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dc.contributor.authorPujades-Rodriguez, M
dc.contributor.authorO'Brien, D
dc.contributor.authorHumblet, P
dc.contributor.authorCalmy, A
dc.date.accessioned2008-07-25T09:33:56Z
dc.date.available2008-07-25T09:33:56Z
dc.date.issued2008-07-11
dc.date.submitted2008-07-14
dc.identifier.citationAIDS 2008;22(11):1305-12en
dc.identifier.issn1473-5571
dc.identifier.pmid18580610
dc.identifier.doi10.1097/QAD.0b013e3282fa75b9
dc.identifier.urihttp://hdl.handle.net/10144/33194
dc.description.abstractOBJECTIVES: To describe the use of second-line protease-inhibitor regimens in Médecins Sans Frontières HIV programmes, and determine switch rates, clinical outcomes, and factors associated with survival. DESIGN/METHODS: We used patient data from 62 Médecins Sans Frontières programmes and included all antiretroviral therapy-naive adults (> 15 years) at the start of antiretroviral therapy and switched to a protease inhibitor-containing regimen with at least one nucleoside reverse transcriptase inhibitor change after more than 6 months of nonnucleoside reverse transcriptase inhibitor first-line use. Cumulative switch rates and survival curves were estimated using Kaplan-Meier methods, and mortality predictors were investigated using Poisson regression. RESULTS: Of 48,338 adults followed on antiretroviral therapy, 370 switched to a second-line regimen after a median of 20 months (switch rate 4.8/1000 person-years). Median CD4 cell count at switch was 99 cells/microl (interquartile ratio 39-200; n = 244). A lopinavir/ritonavir-based regimen was given to 51% of patients and nelfinavir-based regimen to 43%; 29% changed one nucleoside reverse transcriptase inhibitor and 71% changed two nucleoside reverse transcriptase inhibitors. Median follow-up on second-line antiretroviral therapy was 8 months, and probability of remaining in care at 12 months was 0.86. Median CD4 gains were 90 at 6 months and 135 at 12 months. Death rates were higher in patients in World Health Organization stage 4 at antiretroviral therapy initiation and in those with CD4 nadir count less than 50 cells/microl. CONCLUSION: The rate of switch to second-line treatment in antiretroviral therapy-naive adults on non-nucleoside reverse transcriptase inhibitor-based first-line antiretroviral therapy was relatively low, with good early outcomes observed in protease inhibitor-based second-line regimens. Severe immunosuppression was associated with increased mortality on second-line treatment.
dc.language.isoenen
dc.rightsPublished by Wolters Kluwer Lippincott Williams & Wilkins - Archived on this site by kind permission Wolters Kluweren
dc.subjectSecond-line treatmenten
dc.subject.meshAnti-HIV Agentsen
dc.subject.meshAntiretroviral Therapy, Highly Activeen
dc.subject.meshDeveloping Countriesen
dc.subject.meshDrug Therapy, Combinationen
dc.subject.meshHIV Infectionsen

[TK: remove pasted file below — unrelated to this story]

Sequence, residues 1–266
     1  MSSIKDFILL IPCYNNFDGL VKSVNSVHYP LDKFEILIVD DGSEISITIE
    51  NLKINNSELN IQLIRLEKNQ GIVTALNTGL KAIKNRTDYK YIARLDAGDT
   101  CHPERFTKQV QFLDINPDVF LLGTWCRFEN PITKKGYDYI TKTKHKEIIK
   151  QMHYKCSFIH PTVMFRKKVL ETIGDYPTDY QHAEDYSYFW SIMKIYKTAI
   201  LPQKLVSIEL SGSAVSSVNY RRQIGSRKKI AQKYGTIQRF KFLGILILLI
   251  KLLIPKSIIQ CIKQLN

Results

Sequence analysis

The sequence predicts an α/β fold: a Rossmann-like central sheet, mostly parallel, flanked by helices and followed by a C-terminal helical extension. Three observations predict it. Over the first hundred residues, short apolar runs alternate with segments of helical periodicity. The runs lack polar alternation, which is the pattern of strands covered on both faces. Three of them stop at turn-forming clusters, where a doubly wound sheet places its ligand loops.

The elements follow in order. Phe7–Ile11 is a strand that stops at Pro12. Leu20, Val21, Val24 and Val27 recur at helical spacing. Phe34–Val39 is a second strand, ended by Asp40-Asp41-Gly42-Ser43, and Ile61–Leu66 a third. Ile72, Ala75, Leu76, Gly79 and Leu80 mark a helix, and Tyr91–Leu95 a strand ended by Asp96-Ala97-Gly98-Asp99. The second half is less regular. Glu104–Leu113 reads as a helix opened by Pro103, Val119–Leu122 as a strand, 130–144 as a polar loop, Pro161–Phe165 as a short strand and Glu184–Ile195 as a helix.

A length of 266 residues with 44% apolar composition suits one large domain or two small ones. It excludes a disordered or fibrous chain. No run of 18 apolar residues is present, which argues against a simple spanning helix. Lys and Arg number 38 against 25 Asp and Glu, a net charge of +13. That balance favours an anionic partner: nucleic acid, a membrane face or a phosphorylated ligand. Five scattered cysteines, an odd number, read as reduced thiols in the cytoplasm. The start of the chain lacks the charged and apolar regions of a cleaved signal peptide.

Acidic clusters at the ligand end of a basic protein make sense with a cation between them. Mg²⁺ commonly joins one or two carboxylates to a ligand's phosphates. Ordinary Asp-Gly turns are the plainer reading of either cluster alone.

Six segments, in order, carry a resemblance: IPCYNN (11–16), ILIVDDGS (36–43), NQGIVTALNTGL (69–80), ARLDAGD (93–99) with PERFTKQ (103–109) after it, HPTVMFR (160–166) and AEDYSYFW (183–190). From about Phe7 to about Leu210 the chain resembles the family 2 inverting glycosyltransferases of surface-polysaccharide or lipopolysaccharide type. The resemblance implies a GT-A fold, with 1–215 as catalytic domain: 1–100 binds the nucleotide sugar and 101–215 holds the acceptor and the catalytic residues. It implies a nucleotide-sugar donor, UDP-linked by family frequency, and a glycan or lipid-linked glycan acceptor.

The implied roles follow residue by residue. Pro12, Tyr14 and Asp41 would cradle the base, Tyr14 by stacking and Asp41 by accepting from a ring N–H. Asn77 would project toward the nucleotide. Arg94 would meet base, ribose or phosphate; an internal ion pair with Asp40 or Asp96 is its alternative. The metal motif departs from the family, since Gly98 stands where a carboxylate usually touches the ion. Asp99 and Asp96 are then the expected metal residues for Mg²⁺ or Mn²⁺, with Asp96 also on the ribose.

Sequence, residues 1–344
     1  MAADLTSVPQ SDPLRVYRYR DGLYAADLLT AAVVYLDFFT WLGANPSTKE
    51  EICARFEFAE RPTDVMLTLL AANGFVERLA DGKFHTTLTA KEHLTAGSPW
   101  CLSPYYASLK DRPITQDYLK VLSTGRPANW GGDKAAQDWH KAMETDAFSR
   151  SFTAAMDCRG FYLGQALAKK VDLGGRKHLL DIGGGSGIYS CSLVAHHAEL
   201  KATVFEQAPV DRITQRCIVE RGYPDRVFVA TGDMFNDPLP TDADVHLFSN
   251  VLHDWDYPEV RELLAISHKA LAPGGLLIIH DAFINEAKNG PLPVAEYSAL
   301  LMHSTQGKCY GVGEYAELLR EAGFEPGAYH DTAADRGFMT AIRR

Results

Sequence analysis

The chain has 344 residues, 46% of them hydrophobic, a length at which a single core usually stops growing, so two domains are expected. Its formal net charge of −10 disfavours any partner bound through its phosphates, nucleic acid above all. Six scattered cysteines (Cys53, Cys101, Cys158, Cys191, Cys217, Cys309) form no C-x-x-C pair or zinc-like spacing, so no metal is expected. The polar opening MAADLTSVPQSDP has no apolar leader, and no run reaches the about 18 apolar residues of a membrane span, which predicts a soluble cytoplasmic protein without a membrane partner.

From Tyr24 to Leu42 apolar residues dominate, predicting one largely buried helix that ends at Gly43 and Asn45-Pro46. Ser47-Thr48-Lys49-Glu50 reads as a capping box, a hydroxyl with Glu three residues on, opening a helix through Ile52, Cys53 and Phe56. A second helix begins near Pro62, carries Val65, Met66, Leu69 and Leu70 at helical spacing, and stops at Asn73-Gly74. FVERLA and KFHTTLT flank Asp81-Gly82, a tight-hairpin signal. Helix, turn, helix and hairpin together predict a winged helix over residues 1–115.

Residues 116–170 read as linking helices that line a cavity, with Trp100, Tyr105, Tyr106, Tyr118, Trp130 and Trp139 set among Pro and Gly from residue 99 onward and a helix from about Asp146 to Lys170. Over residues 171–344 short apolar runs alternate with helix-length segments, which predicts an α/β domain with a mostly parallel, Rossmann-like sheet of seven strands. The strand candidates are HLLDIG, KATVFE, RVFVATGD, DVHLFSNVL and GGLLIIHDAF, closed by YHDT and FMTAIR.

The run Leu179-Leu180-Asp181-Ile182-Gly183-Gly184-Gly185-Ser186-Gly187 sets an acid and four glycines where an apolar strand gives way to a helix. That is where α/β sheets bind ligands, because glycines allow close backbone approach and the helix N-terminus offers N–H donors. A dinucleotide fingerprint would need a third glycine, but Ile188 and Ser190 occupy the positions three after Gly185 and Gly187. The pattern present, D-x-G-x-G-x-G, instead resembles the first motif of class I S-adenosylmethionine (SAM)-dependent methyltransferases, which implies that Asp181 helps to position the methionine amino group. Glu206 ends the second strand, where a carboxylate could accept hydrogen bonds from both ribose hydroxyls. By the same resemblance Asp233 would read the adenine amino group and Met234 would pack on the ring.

dc.subject.meshReverse Transcriptase Inhibitorsen
dc.subject.meshTreatment Failureen
dc.subject.meshTreatment Outcomeen
dc.subject.meshViral Loaden
dc.titleSecond-line antiretroviral therapy in resource-limited settings: the experience of Médecins Sans Frontièresen
dc.typeArticleen
dc.contributor.departmentEpicentre, Paris, France; Médecins Sans Frontières, Paris, France; Campaign for Access to Essential Medicines, Geneva, Switzerlanden
dc.identifier.journalAIDS (London, England)en
refterms.dateFOA2019-03-04T11:28:47Z
html.description.abstractOBJECTIVES: To describe the use of second-line protease-inhibitor regimens in Médecins Sans Frontières HIV programmes, and determine switch rates, clinical outcomes, and factors associated with survival. DESIGN/METHODS: We used patient data from 62 Médecins Sans Frontières programmes and included all antiretroviral therapy-naive adults (> 15 years) at the start of antiretroviral therapy and switched to a protease inhibitor-containing regimen with at least one nucleoside reverse transcriptase inhibitor change after more than 6 months of nonnucleoside reverse transcriptase inhibitor first-line use. Cumulative switch rates and survival curves were estimated using Kaplan-Meier methods, and mortality predictors were investigated using Poisson regression. RESULTS: Of 48,338 adults followed on antiretroviral therapy, 370 switched to a second-line regimen after a median of 20 months (switch rate 4.8/1000 person-years). Median CD4 cell count at switch was 99 cells/microl (interquartile ratio 39-200; n = 244). A lopinavir/ritonavir-based regimen was given to 51% of patients and nelfinavir-based regimen to 43%; 29% changed one nucleoside reverse transcriptase inhibitor and 71% changed two nucleoside reverse transcriptase inhibitors. Median follow-up on second-line antiretroviral therapy was 8 months, and probability of remaining in care at 12 months was 0.86. Median CD4 gains were 90 at 6 months and 135 at 12 months. Death rates were higher in patients in World Health Organization stage 4 at antiretroviral therapy initiation and in those with CD4 nadir count less than 50 cells/microl. CONCLUSION: The rate of switch to second-line treatment in antiretroviral therapy-naive adults on non-nucleoside reverse transcriptase inhibitor-based first-line antiretroviral therapy was relatively low, with good early outcomes observed in protease inhibitor-based second-line regimens. Severe immunosuppression was associated with increased mortality on second-line treatment.


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